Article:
By in Health & Fitness

Mesothelioma - When What Seemed Good Might Have Been Bad

A close friend of my is a good 13 years older than I am, at about 82-83 years of age.

Please don't imagine for a moment that he was feeble or, perhaps at best, holding his own. No.

This fellow ran, rode a motorcycle, traveled the world, skied, flew a plane... well, you get the point... until about a year ago.

He was skiing when he took a spill. Shortly after that spill, when he wasn't feeling better, he visited the doctor. There was fluid that had to be drained from the pleura about his lungs.

Later, on testing, it was found he had mesothelioma! Asbestos was in the process of claiming another victim. Yet, this appeared to be a moderately early case. Could something be done?

Now pause for a moment... I CONCLUDED my friend was fortunate to have taken that spill, since his condition in that fashion came to light. In short, his spill, I reasoned, was a good thing.

But the mind is a funny thing. Sometimes when you're not trying to think, the brain exhibits the tendency to keep thinking without you! It occurred to me. This is months later. What came to my mind?

I realized the exposure to asbestos occurred 40 years previously. The condition was dormant. The fellow might have died never knowing a kind of time bomb was tick-tick-ticking within him. His eventual demise might have come from something else.


Image Credit » Pixabay https://pixabay.com/en/boy-cold-goggles-kid-person-ski-1835416/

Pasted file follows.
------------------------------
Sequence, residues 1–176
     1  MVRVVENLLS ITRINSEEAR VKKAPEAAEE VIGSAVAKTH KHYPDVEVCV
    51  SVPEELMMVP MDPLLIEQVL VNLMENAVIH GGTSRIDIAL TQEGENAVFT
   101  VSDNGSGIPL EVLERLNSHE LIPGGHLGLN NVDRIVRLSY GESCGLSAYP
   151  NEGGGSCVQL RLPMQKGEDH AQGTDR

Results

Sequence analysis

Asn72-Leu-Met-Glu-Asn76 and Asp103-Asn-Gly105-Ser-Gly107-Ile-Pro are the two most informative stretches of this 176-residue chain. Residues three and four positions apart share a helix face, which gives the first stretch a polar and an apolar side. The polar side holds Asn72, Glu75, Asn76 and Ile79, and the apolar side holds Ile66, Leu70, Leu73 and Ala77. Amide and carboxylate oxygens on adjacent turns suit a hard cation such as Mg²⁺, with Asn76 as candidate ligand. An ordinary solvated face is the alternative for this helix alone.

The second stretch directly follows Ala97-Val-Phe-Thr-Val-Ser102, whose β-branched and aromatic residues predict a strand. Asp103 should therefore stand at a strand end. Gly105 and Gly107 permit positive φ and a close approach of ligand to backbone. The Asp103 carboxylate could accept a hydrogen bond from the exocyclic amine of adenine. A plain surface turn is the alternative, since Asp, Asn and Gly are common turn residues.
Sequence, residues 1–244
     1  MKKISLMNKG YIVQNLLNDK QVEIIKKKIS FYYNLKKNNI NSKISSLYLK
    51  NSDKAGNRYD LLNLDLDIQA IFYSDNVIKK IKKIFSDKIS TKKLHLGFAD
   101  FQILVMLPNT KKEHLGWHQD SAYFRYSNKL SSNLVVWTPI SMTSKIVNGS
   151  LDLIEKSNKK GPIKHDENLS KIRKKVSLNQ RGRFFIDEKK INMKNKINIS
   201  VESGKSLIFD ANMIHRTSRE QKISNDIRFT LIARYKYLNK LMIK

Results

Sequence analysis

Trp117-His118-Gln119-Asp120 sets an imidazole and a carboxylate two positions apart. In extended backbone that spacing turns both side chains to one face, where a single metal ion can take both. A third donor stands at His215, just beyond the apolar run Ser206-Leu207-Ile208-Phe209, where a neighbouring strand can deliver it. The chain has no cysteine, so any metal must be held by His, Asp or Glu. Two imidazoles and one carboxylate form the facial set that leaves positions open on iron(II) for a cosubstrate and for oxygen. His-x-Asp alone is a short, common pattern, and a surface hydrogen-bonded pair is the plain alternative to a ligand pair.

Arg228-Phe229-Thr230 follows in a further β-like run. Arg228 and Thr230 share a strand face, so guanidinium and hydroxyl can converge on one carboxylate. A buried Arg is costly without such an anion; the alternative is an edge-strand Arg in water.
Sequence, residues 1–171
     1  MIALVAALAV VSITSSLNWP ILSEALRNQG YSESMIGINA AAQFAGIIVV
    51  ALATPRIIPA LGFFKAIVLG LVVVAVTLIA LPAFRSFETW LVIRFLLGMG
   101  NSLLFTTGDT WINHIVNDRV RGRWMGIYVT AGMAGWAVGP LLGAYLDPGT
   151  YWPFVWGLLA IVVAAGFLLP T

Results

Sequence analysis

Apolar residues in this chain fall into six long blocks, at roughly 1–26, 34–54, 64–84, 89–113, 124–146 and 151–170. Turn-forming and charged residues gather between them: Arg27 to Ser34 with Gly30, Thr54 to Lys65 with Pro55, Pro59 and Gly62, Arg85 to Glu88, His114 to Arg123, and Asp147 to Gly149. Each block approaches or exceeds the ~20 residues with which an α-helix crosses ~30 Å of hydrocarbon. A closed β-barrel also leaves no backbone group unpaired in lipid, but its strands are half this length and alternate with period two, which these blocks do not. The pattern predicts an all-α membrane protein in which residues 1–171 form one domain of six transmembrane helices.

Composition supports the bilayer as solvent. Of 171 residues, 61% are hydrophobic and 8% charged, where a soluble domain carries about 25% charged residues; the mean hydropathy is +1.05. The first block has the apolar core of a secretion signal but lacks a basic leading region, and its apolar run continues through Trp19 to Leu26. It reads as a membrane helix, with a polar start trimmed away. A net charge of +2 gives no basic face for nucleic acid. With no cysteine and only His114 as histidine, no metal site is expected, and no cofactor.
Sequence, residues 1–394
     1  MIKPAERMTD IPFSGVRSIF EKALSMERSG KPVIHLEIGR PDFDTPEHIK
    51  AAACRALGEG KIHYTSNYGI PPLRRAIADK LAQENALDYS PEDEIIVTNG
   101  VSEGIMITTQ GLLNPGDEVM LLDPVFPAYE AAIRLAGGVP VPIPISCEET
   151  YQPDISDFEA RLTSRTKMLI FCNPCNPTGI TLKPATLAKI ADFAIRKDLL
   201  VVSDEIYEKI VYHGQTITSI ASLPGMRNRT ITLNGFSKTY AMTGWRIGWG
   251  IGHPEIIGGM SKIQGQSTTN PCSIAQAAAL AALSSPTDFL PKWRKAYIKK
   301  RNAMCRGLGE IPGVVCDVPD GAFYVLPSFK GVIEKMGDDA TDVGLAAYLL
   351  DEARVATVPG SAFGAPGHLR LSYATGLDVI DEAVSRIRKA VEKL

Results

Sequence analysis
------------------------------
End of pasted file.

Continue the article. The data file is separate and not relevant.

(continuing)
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Comments

MegL wrote on October 30, 2017, 7:07 PM

Yes, it's hard to know whether the discovery was good or bad. He was lucky the mesothelioma lay dormant for so long.

VinceSummers wrote on October 30, 2017, 7:12 PM

Yes, you're right. As to the discovery being good... I don't know. Within a very short time his breathing (suddenly) became difficult, after 40 years. Awful coincidental. I'd say too coincidental. I believe the trauma activated the fluid formation. The ironic part is a large number of family members seem to develop lung cancer. My friend thus never smoked. He exercised considerably. He ate most carefully and in very moderate quantity. His whole life he lived in such a way he never needed credit, hence stress due to economic circumstances was non-existent. For decades, he's represented to us what some can be if they really take care of themselves. Ironic.

Last Edited: October 30, 2017, 7:13 PM

MegL wrote on October 31, 2017, 4:17 AM

He has lived to 83 in great shape. Mesothelioma is caused by asbestos dust. Either he worked somewhere that had asbestos before all the regulations about it came in or it was present in his environment, such as asbestos sidings or floor tiles or ceiling tiles and they got disturbed, maybe DIY. If I can go skiing at 82, I will feel pretty good (mind you I have never been skiing anyway, I prefer the warmth to the snow.) It's possible the trauma activated it or the shock to his system, which is pretty unfortunate. If he hadn't taken such good care of himself, maybe it would have activated earlier?

VinceSummers wrote on October 31, 2017, 7:21 AM

I believe he worked on mechanical parts made and the process produced ample particulate asbestos quite a few years ago. I expect it could have activated if he'd experienced trauma earlier. So in that respect he was fortunate. Even so, as I'm sure you'd be the first to admit, no one wants to suffocate slowly to death... No matter how old. So it's still a tragedy in that extra sense, beyond just an "ordinary" death, whatever that is. My uncle died due to factors associated with emphysema, and as a child I was asthmatic, which factors terrorized my early life. I was scared silly I would die similarly. Apparently I am not more likely to do so than the average guy. I outgrew the asthma in my 60s, believe it or not.